17 April 2015
Colin Smith | Bay Of Plenty Times
Mazda is doubling its efforts in the fashionable compact SUV segment with the launch of the new CX-3.
As the designation suggests, the CX-3 is the smaller sibling to the very successful CX-5. It gives Mazda a compact crossover with very distinctive styling, modern technology and competitive pricing - a combination set to give the mid-$30k price bracket a real shake.
The CX-3's handsome proportions are something new and the latest evolution of Mazda's Kodo design theme catches the eye.
Key details are the narrow and sharply focused headlights, a slim and tapered glasshouse, relatively modest height and a high ratio of wheelbase to overall length. The stance of the CX-3 is further enhanced by large 18-inch diameter wheels on mid-grade and luxury models.
The cabin is set a little further back than is the norm for a crossover but this is further accentuated by pushing the peak of the front fenders rearward so they are beneath the base of the A-pillars.
The A-pillars are slim at the base and gain thickness as they rise upward while the blacked-out rear pillars have the effect of elongating the side windows.
Interestingly the CX-3 doesn't have the roof rails which are usually a signature of a crossover design.
An Auckland-Taupo press launch drive provided the opportunity to sample both engines being offered in the CX3. One is a known quantity - the 2.0-litre direct injection SkyActivG petrol unit also used in the Mazda 3, CX-5 and Mazda6 models.
It develops 109kW at 6000rpm and 192Nm of torque at 2800rpm and 2.0-litre performance will give Mazda a useful edge over many of its rivals in the compact crossover category.
Combined cycle fuel consumption is claimed at 6.1 litres per 100km for the frontwheel-drive models and 6.7L/100km for the AWD petrol model.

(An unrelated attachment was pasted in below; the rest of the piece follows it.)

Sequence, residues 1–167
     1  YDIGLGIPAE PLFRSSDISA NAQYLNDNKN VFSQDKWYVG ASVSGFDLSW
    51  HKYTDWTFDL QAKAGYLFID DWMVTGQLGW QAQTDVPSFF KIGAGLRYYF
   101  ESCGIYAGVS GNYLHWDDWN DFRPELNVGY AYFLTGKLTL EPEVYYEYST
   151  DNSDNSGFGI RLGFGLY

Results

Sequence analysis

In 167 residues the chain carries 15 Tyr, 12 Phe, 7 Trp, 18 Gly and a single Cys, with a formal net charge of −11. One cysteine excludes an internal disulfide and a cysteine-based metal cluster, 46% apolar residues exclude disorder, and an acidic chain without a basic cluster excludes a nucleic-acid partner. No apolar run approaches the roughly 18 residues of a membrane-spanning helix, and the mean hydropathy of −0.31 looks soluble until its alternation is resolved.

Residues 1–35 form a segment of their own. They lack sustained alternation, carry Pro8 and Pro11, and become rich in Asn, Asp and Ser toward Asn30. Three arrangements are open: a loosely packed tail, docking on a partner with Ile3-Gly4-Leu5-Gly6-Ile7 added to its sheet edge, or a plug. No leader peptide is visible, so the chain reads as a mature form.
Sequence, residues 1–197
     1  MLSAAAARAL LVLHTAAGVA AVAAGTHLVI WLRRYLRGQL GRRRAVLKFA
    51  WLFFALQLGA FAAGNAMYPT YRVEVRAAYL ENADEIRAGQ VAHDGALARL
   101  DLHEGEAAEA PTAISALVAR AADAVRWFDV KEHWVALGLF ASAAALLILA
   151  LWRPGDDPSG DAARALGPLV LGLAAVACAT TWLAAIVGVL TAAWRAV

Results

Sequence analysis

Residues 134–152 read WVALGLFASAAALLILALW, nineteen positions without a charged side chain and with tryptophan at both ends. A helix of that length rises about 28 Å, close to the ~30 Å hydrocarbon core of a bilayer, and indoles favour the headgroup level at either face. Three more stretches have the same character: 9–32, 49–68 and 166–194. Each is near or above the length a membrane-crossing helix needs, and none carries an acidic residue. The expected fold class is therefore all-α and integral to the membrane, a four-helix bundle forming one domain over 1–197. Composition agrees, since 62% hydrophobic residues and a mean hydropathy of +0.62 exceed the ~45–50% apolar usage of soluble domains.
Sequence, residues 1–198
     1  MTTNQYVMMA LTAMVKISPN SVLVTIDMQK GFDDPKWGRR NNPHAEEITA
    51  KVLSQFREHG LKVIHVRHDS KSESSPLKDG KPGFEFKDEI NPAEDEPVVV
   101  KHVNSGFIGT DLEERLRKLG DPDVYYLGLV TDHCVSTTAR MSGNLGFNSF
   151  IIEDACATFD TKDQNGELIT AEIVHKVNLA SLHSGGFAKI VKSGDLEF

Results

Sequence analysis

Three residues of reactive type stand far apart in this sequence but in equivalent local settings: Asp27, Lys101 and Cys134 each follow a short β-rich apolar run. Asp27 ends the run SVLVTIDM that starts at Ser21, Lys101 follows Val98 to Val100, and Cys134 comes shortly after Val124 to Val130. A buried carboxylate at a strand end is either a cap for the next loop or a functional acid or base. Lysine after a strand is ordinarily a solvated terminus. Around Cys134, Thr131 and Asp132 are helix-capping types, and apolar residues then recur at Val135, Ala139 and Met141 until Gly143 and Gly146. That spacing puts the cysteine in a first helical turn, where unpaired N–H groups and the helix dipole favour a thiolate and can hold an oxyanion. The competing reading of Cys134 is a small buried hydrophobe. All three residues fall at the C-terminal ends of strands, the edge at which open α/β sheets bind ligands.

There's also a new engine making its Kiwi debut in the CX3. It's the 1.5-litre SkyActiv-D diesel producing 77kW at 4000rpm and peak torque of 270Nm from 1600-2500rpm.
Diesel versions are rated at 5.1L/100km.
The 2.0-litre petrol feels responsive and revs eagerly but for longer highway journeys and uphill runs the torque of the diesel comes to the fore with low-effort performance and fewer gear changes than the petrol versions.
I drove two Limited models at the press launch to sample both engines and some minor differences in driving dynamics between the front-drive and allwheel-drive models. The tyre choice on GSX and Limited models is a 215/50 R18 radial while the entry level GLX runs on 16-inch alloys with 215/60 size tyres.
Supportive seats combine with a slightly raised seating position for enhanced visibility and Mazda has engineered a consistent feel into the electrically assisted power steering.
The CX-3 might break some new ground for Mazda but it also goes about business by a familiar method.
The line-up of six models includes the usual GLX, GSX and Limited grades and as with the Mazda 3 and CX-5 the majority of sales volume will be accounted for by the mid-grade GSX models.